On the other hand, with regards to the government funding of human embryonic stem cell research, from 1996 to 2009, the Dickey-Wicker Amendment of 1996 prohibited the use of government funds for any research that destroyed and created human embryos (Zachariades, 2013). In 2009, President Obama's Executive Order allowed the funding of research that employed embryos, if these embryos were created during in vitro fertilization for reproductive purposes but were no longer needed for such purposes (Zachariades, 2013).

The recently enacted Leahy-Smith America Invents Act (AIA) and influential Court decisions regarding BCRA1/2 and cell-free fetal DNA may significantly limit, however, the scope of biotechnology patent eligibility in the US. These dramatic changes in the law may directly oppose the vision of Shinya Yamanaka, a strong believer in the importance of stem cell patenting to promote research, drug discovery, regenerative medicine, and global access (Yamanaka, 2015).

AIA

The AIA, passed in September 2011, provides that “no patent may issue on a claim directed to or encompassing a human organism (Leahy-Smith America Invents Act (AIA), Pub. L. 112-29, sec. 33(a), 125 Stat. 284).” The AIA is the most significant patent change in the US since 1952. The legislative history of AIA clarifies that under this act, stem cells are patent eligible but patent claims directed to or encompassing a human organism, including human embryos are prohibited (157 Cong. Rec. E1177-04 Testimony of Representative Dave Weldon previously presented in connection with the Consolidated Appropriations Act, 2004, Pub. L. 108-199, ′634, 118 Stat. 3, 101, and later resubmitted with regard to the AIA; see 149 Cong. Rec. E2417-01). The AIA, however, does not define the term “human organism.” In the future, if the US Supreme Court interprets “human stem cells” as being a kind of “human organism,” stem cells would be patent ineligible. After this ruling, in late 2011, Geron–a biotechnology company that develops and commercializes therapeutics for cancer by inhibiting telomerase—announced an abandonment of hESC research (Torrance, 2013).

Myriad

In Association for Molecular Pathology v. Myriad Genetics, Inc. (2013), hereafter referred to as the Myriad decision, the Supreme Court ruled that cDNAs are patent eligible, but isolated DNAs are not. The case revolved around two important societal issues: breast cancer and gene patenting. In the mid-90s, Myriad Genetics Inc. successfully sequenced and developed a comprehensive diagnostic test for hereditary breast cancer based on mutations in the BRCA1 and BRCA2 genes. Myriad's US Pat. No. 5,747,282 claimed, “An isolated DNA coding for a BRCA1 polypeptide, said polypeptide having the amino acid sequence set forth in SEQ ID NO:2.”

As per the Myriad decision, DNA means genomic DNA that has been “isolated” from the body, and “isolated” means merely removed and separated “from the surrounding genetic material”; cDNA means “synthetically created DNA…which contains the same protein-coding information found in a segment of natural DNA [exons] but omits portions within the DNA segment that do not code for proteins [introns].” The Myriad decision explains “what is not implicated by this decision” and states, “We merely hold that genes and the information they encode are not patent eligible under §101 simply because they have been isolated from the surrounding genetic material.” But notwithstanding the disclaimer, the lower courts may apply the Myriad decision to imply that if a stem cell is closer to being merely “isolated” from the body, the stem cell is likely not patent eligible. Conversely, if a stem cell is a synthetically created stem cell that contains the same information found in a natural stem cell but omits portions within the natural stem cell, e.g., portions that cannot replicate, then the synthetically created stem cell is likely patent eligible.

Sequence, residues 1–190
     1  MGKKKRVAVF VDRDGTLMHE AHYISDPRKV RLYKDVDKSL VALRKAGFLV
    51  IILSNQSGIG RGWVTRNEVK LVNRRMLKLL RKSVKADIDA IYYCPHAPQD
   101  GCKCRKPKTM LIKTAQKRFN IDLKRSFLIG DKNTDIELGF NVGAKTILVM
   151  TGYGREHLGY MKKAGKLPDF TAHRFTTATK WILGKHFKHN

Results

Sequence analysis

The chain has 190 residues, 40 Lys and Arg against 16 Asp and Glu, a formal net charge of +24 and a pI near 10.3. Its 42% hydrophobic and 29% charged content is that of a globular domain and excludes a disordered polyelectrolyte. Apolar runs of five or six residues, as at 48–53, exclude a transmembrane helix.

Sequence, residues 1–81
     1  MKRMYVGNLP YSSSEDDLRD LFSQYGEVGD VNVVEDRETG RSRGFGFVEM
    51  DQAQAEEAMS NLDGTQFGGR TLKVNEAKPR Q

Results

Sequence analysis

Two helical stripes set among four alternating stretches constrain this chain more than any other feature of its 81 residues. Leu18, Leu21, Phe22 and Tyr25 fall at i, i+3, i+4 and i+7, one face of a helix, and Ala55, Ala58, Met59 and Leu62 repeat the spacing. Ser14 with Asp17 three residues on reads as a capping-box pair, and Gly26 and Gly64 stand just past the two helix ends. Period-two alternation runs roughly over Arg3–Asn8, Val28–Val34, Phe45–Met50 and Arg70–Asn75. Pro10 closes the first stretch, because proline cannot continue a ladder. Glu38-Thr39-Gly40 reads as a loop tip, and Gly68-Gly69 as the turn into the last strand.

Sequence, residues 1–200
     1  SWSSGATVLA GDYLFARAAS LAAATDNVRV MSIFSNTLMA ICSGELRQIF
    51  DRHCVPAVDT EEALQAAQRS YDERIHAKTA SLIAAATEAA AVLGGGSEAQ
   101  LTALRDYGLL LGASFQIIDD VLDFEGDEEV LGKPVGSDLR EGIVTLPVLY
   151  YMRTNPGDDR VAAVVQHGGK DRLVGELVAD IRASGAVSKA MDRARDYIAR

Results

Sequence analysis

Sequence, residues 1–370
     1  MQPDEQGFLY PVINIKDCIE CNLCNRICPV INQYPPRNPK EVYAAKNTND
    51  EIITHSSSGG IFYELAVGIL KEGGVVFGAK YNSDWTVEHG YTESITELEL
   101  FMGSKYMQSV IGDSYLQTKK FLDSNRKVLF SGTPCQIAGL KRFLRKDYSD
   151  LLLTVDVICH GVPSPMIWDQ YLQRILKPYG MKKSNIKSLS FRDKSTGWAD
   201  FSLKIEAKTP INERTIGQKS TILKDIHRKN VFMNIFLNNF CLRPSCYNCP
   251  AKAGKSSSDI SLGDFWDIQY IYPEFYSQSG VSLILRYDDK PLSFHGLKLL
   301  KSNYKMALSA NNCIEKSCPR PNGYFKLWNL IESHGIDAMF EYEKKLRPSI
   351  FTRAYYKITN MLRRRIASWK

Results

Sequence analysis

The Myriad decision appears to undermine the patent eligibility of hESCs because isolated and purified hESCs are essentially identical to hESCs in human blastocysts. Such a contention resonates with many people who are either against patenting any part of the human body or interfering in the natural processes of human development.

In fact, Consumer Watchdog used AIA and Myriad as the basis to challenge WARF and thus appeal to the courts to repeal patents on isolated stem cells. However, in June 2014 the Federal Circuit Court said that it was required that there be an “actual case or controversy”—because WARF never sued Consumer Watch, the courts said the group did not have standing to appeal (Sherkow and Scott, 2015). This demonstrates that in the future, other patent petitioners on behalf of public health (like in the Myriad decision) will likely attempt to repeal patent protection of isolated stem cells.

It does not matter, for the purposes of defining something as a product of nature, whether the product contains only one or millions of nucleotides or amino acids. What matters is whether the nucleotides or amino acids are in their natural form that exists in the body, other than having been isolated from their natural environment. If so, then these products are not patent eligible. If, however, the products are not only isolated from their natural environment, but also purified such that they are no longer in their natural form (such as by removal of introns), then such purified and isolated products are patent eligible.